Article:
Date: 10/2/19 7:24 pm From: 'Jackie P' via Birders <birders...> Subject: Re: [birders] Off-Topic: Update on Opt Out of Aerial Pesticide Spraying -- FW: For Opt Out - Please Complete Survey Link
So, I get that EEE is a seemingly dangerous disease, and I’m not an expert at mosquito diseases, but in 2015 more people in Michigan died from vehicle collisions with deer than this disease caused this year. I did take general ecology though and remember learning that if you kill off 99% of the skeeters, and there’s just 1% left, they might be immune to the pesticide, and then they reproduce... I guess maybe I missed the part where this spraying was going to eliminate EEE?
Also - Is it just BTI to be sprayed - where did you see that? Its a combo of several diff pesticides (see any article on it).
Sent from my iPhone
> On Oct 2, 2019, at 5:19 PM, Susan Horvath <shorvath...> wrote:
> I just don't get it. 3 people have died THIS YEAR in Michigan. People
> have died in Massachusetts and Connecticut THIS YEAR. Horses have
> died. Deer have died.
> All pesticides are not equal. More to the point, to this particular
> group, is that Bt is *not* just one bacteria known to kill
> caterpillars (aka bird food).
> Those of you who grow anything in the cabbage family in your vegetable
> gardens know that the best, and coincidentally organic, control of
> cabbageworms is Bacillus thuringiensis kurstaki.
> Btk does kill caterpillars. It does *NOT* kill mosquitos.
> *NOBODY* is suggesting aerial spraying with Btk.
> However, another naturally occurring strain of Bt bacterium is
> Bacillus thuringiensis israelensis. Bti kills mosquito larvae. It does
> *NOT* kill caterpillars. Aerial spraying, if it happens, will be to
> spray Bti.
> We all know and love Cornell's Lab of Ornithology (ebird etc). Cornell
> also has a well-respected veterinary school. Here is what the vet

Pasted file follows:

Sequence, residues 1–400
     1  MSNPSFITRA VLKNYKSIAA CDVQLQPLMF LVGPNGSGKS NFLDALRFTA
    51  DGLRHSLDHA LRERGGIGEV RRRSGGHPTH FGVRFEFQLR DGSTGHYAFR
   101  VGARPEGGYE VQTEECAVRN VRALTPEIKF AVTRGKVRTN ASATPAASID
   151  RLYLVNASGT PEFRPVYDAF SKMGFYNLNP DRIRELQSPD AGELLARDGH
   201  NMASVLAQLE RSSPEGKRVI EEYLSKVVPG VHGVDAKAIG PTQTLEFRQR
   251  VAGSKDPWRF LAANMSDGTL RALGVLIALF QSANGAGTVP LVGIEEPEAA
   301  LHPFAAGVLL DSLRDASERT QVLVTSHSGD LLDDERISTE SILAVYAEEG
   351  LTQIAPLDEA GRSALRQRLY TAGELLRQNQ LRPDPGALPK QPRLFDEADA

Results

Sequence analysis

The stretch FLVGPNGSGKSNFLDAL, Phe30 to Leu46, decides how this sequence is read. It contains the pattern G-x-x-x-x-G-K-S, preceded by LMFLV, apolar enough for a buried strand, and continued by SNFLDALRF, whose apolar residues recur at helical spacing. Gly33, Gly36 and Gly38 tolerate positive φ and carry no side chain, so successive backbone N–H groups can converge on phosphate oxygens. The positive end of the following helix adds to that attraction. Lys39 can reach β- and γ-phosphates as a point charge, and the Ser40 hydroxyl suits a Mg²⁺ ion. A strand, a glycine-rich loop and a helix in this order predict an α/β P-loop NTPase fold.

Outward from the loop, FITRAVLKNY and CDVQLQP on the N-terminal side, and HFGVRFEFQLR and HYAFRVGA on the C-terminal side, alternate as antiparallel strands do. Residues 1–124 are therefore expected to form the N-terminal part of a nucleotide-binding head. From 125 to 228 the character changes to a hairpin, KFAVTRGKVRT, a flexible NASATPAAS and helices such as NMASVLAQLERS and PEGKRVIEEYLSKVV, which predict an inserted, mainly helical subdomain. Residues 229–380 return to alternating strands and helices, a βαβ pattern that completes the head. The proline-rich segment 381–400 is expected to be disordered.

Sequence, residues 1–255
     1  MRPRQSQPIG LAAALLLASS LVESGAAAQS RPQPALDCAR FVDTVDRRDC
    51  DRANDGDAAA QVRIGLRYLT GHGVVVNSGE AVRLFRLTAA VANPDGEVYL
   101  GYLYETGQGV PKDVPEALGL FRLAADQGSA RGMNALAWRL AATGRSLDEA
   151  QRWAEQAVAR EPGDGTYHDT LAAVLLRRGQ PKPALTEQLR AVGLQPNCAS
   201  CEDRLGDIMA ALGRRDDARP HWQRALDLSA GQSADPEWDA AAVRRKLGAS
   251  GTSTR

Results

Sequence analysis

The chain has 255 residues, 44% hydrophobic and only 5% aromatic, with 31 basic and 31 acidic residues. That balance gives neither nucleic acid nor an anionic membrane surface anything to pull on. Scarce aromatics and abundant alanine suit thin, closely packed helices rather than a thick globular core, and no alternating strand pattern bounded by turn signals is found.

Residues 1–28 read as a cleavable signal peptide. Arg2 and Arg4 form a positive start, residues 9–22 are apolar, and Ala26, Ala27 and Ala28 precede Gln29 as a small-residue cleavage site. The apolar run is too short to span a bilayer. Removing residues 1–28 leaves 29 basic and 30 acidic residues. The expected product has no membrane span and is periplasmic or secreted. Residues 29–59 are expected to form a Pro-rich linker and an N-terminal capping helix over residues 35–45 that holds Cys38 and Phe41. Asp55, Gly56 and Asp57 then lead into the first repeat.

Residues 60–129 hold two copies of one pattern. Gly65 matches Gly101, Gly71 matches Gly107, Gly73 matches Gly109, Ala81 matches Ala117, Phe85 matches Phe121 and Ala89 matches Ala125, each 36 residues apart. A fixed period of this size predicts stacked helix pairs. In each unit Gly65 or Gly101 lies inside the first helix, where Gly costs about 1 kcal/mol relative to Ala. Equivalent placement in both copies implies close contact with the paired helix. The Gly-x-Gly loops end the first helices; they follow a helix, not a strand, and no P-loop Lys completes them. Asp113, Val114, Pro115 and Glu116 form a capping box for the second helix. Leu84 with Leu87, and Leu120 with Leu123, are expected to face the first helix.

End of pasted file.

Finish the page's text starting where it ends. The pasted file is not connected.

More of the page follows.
> school says about Eastern Equine Encephalitis:
> "Eastern Equine Encephalitis virus (EEE) is an arbovirus which is a
> mosquito-borne virus. It circulates between bird reservoir hosts and
> mosquitoes. Most infected animals and people have inapparent
> infections, but EEE can cause mortality in some species of birds such
> as pigeons, pheasants, and emus.
> Mammals are incidental hosts and humans and horses are the most common
> mammals to develop clinical disease. EEE has also caused illness in
> pigs, rodents, and white-tailed deer.
> The majority of wild birds infected with the virus will exhibit no
> clinical signs.
> Transmission occurs from the bite of an infected mosquito. Mosquitos
> become infected with EEE when they take a blood meal from a bird that
> is carrying the virus. Mosquitos then transmit the virus to other
> birds during subsequent blood meals, continuing the cycle. EEE is not
> transmitted by direct contact."
> Yes, Washtenaw County has decided that it's far enough from the EEE
> problem, that it doesn't need to spray Bti at this time. But, that
> change. Butterflies and moths are *NOT* at risk from aerial spraying
> of Bti. Neither are the birds. Humans, horses, our burgeoning
> population of deer, and even our dogs, *are* at risk if we don't spray
> Birders is a service of the Great Lakes Commission. Visit us at www.glc.org
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> To view this discussion on the web visit https://groups.google.com/a/great-lakes.net/d/msgid/birders/CAMrXOUZNzAqUyX42viXdWnO6w48k5fj%<3DQf6G0PGiuZ8-YubmBQ...> > <CWHL-FactSheets-EEE.pdf>